- The second to the last sentence could probably be shortened to: I explained the situation to my children.
- Your last sentence seems to be contradictory with your claim about always being able to get a job.
- You should emphasize the lack of funds. E.g. and a meager two thousand dollars: it wouldn't last us long.
Cool! Thanks, Jay, for all the great help you have been giving people.
Thanks Jay, I will be a better writer because of each of you. I am looking forward to returning to school in the summer and I am sure I will keep my writing up.
Thanks again to everyone.
Hey, I'm glad to hear you got the Frankl book. That has taken me through some tough times. It is psychotherapy based on helping patients find meaning for their suffering.
Frankl tells one story of a physician whose wife had died. Frankl helped that guy find meaning. The guy could not stand the grief he was feeling. Frakl writes:
I refrained from telling him anything but instead confronted him with the question, "What would have happened, Doctor, if you had died first and your wife would have had to survive you?" "Oh," he said, "For her, this would have been terrible. How she would have suffered!" Whereupon I replied, "You see, Doctor, such a suffering was spared her, and it was you who have spared her this suffering-to be sure, at the price that you now have to survive and mourn her." He said no word but shook my hand and calmly left my office. (Frankl 117)
That gives me chills every time I read it, including this time.
Very powerful and thought provoking.
Many of us faced challenges in our formative years and we struggled with them. Some of those struggles might have changed who we are or how we later approached life. Marilyn Campbell is an overcomer. She wrestled with shyness in her young years. Before you read her essay, learn a little more about Marilyn’s background from an update she sent to me:
“I never did quite get the opportunity to thank you [for helping me develop my essay]. Regarding my college process:
I applied to three schools early action: Harvard University, Brown University, and Georgetown University; I applied to Tulane University as a backup school regular decision (it can be considered a backup for those people who reside in-state).
I am happy to say that I was accepted at Brown, at Georgetown (thank you very much!), and at Tulane; I was deferred from Harvard; I am not applying to any more schools.
If there’s something I learned about applying to colleges and watching my friends apply to them, I would recommend applying to as many early action schools as possible by the deadlines. This takes away the stress and work of doing several applications at a very busy time of the year (one is taking exams or they are hanging over our heads).
At the very least, if one applies to one school early action or early decision, s/he should not wait until they receive that school’s response to begin filling out all the other applications waiting in the wings. I know that it is very tempting to wait, but after seeing what this has done to several of my friends, I highly recommend getting an early start.
Finally, I suggest that students don’t blow off their freshman year. If that happens, one will spend the next three years trying to bring up those grades.
* * * *
When I was a young, awkward adolescent, I considered myself to be a shy person, especially around boys. Because of this, my experiences at a coed middle school intimidated me somewhat. So, for the past five years, I have attended an all-girls school, which has helped me to become a stronger person. I have overcome my shyness and insecurities and developed much more confidence.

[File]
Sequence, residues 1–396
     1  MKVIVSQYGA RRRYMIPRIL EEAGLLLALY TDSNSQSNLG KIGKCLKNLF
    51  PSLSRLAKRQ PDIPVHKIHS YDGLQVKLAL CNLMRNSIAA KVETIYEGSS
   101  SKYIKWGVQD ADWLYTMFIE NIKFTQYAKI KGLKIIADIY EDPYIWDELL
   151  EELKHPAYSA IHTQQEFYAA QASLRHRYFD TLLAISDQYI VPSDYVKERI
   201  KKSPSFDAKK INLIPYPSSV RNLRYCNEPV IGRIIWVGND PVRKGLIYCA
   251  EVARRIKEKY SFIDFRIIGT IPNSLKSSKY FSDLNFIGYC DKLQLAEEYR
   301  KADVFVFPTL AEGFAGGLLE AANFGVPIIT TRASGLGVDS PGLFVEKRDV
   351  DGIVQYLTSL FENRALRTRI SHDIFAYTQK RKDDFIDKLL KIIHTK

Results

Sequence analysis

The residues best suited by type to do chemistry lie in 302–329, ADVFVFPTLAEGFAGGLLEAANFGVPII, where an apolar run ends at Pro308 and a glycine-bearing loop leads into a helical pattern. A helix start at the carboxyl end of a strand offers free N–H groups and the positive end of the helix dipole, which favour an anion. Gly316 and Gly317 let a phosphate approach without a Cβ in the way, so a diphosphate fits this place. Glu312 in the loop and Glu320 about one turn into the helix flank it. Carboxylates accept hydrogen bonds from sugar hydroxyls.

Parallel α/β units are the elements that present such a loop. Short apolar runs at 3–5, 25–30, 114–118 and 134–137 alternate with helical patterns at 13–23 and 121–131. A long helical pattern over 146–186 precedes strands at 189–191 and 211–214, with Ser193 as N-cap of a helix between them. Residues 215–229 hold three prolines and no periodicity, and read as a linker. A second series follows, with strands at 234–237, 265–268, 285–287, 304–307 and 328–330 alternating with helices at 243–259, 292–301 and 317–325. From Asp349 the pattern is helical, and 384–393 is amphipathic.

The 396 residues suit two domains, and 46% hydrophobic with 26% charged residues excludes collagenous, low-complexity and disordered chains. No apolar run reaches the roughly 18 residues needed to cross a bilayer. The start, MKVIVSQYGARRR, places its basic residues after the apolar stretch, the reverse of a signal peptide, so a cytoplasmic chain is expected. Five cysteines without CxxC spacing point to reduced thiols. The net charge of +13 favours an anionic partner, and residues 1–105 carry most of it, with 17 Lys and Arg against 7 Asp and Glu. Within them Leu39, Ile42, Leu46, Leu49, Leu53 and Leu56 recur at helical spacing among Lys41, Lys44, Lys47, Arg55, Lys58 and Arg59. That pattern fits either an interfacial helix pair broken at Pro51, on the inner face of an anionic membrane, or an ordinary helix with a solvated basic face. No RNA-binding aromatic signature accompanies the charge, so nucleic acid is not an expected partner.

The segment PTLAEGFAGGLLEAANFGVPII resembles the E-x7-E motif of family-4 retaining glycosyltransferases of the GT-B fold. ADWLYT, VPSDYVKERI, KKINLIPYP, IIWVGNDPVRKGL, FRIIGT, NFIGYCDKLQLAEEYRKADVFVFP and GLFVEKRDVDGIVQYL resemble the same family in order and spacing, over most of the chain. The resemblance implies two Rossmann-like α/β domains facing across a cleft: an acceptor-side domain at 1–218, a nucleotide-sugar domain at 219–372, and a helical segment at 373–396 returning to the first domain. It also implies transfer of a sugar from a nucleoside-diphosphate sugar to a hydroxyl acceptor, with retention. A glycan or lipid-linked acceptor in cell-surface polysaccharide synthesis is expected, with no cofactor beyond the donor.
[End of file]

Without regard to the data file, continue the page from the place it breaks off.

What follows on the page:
Ironically, I believe that my shyness, something that I consider a communication barrier, has ultimately led me to focus on a field for my life’s work: communications. Despite my aversion to it early on in life, I now love speaking to and interacting with people, be it as a friend, teacher, or public speaker. I now have a passion for stimulating conversation, and that enthusiasm manifests itself in three different and important aspects of my life outside of the classroom: peer support, volunteer work, and music.
Peer support is a high school-sponsored program through which juniors and seniors are selected to work with eighth graders who attend Sacred Heart. It involves an intensive three-day workshop where student leaders learn how to listen effectively to and become mentors for the younger students. I love this work. Once a week, I get to speak to these impressionable boys and girls about anything that I feel is important. I enjoy learning about their lives and their issues and exploring possible solutions to their problems. We study today’s society and its impact on them. I see much of my old self in these young people and that memory has helped me to help them become more confident about their everyday lives.
My volunteer work centers on teaching, through a program called Summerbridge. After school, I go to a nearby public school and tutor learning-disadvantaged preteens. Instead of dealing with the students’ personal issues, as I do in peer support, the Summerbridge focus is more on communication through education. By working with these younger students, I have come to understand the importance of helping them comprehend and apply what they learn in the classroom. Their motivation, given their circumstances, is remarkable. We discuss in detail what they are learning so that I can keep them interested and motivated. Summerbridge is another example of how communication issues are very important to me.
Not surprisingly, music has emerged as another, perhaps indirect, avenue for me to communicate with others. Singing allows me to convey my deep and personal emotions with others. When I sing, I am transported to another realm. The mundane everyday world around me disappears, and I am enveloped in my own, new space, especially when I am performing onstage. When I act, I am transformed, feeling the happiness, sadness, impishness, or even confusion that my character feels. My performance taps into that part of me where those qualities dwell, and I love sharing it with my audience. Music is a very special form of communication for me.
Perhaps the person I am today is a compensation for who I was years ago. That awkward twelve-year old, however, is no more. Now I want to show the world what I can do. Communication has become my passion. It will be my future.